Corben Baby Ace D as LSA

Talk about airplanes! At last count, there are 39 (and growing) FAA certificated S-LSA (special light sport aircraft). These are factory-built ready to fly airplanes. If you can't afford a factory-built LSA, consider buying an E-LSA kit (experimental LSA - up to 99% complete).

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drseti
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Re: Corben Baby Ace D as LSA

Postby drseti » Sat Nov 30, 2019 1:47 pm

3Dreaming wrote:For what ever reason the oil likes to climb the dipstick


I think the reason is probably capillary action due to the oil's high surface tension. In any case, good advice!
The opinions posted are those of one CFI, and do not necessarily represent the FAA or its lawyers.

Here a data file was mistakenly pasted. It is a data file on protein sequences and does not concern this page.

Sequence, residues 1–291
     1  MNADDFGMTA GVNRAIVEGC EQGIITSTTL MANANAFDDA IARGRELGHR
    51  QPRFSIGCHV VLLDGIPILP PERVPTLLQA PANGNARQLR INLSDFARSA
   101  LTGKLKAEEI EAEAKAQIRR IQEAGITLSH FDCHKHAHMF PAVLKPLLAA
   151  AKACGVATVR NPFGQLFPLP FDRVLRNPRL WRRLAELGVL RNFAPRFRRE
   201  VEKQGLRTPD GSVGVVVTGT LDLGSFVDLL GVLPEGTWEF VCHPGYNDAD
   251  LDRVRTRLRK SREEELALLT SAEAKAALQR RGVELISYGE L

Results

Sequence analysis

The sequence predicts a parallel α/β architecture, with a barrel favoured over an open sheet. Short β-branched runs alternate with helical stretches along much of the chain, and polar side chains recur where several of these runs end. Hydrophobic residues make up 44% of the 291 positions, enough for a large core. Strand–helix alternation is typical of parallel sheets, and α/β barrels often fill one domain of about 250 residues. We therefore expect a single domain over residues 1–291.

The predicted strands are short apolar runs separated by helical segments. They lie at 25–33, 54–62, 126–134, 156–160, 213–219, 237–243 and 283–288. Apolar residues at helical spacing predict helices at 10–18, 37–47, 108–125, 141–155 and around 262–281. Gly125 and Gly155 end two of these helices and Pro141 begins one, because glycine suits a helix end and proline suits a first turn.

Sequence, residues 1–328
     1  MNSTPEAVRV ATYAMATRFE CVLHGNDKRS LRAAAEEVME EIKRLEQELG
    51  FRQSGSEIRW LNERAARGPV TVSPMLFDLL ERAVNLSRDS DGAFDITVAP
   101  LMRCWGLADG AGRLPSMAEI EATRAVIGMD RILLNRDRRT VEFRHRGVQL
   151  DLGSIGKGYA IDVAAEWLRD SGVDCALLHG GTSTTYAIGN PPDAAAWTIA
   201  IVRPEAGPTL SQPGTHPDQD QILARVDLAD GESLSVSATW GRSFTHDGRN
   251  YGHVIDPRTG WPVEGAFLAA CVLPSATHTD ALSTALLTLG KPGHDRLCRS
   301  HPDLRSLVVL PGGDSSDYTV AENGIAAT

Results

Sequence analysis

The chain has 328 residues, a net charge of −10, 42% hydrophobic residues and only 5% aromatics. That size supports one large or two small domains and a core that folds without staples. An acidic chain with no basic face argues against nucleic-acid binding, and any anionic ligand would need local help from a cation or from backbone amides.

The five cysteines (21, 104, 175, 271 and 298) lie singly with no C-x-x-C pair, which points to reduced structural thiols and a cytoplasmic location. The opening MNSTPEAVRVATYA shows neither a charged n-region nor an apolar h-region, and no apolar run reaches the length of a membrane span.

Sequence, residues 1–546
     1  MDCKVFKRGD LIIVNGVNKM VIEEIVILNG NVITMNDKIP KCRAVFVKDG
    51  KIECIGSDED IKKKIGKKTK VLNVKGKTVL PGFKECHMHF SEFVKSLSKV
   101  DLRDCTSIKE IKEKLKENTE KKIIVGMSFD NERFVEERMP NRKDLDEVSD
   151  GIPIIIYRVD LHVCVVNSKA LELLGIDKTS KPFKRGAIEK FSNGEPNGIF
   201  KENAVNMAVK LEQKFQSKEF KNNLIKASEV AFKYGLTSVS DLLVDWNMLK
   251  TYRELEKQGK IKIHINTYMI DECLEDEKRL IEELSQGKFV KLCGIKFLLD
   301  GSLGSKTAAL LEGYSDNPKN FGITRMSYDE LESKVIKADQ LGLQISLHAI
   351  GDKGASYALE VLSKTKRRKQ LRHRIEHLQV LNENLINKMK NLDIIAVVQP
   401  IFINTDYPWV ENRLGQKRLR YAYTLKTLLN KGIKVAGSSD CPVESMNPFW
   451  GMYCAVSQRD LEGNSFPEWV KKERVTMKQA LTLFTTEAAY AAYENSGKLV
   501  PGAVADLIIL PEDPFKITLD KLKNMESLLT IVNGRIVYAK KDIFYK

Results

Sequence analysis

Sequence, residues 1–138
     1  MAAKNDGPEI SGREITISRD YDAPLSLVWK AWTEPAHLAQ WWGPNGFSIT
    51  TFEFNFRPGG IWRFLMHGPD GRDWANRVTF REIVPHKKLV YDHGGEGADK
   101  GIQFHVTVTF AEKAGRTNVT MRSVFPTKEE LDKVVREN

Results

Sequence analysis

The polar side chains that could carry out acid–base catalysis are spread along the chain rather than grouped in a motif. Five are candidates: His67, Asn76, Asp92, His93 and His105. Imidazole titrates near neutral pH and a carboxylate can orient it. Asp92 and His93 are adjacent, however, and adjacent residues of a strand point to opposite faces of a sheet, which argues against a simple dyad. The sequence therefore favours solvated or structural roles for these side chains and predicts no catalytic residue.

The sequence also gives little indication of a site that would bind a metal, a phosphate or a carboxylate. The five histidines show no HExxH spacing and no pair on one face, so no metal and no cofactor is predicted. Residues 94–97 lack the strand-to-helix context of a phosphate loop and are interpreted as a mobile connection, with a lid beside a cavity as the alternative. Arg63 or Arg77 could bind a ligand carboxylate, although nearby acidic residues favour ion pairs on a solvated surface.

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Re: Corben Baby Ace D as LSA

Postby Hambone » Sat Nov 30, 2019 1:57 pm

3Dreaming wrote:Hey I don't remember if this was mentioned or not, but when you are checking your oil, especially after you have had a little longer layover like this one, wipe the dipstick and recheck the quantity. For what ever reason the oil likes to climb the dipstick showing a higher than actual oil level.

Good point!

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Re: Corben Baby Ace D as LSA

Postby Hambone » Sun Dec 01, 2019 4:15 pm

Safe on the ground near Fort Worth. 30-40 kts headwind all the way from Henderson, TX! Then had to land on Rwy 33 here with winds 290/16G24. Had a backup plan to land in the grass if I needed to, it managed to land on the runway. Wasn’t pretty, but I didn’t break anything! All part of the adventure.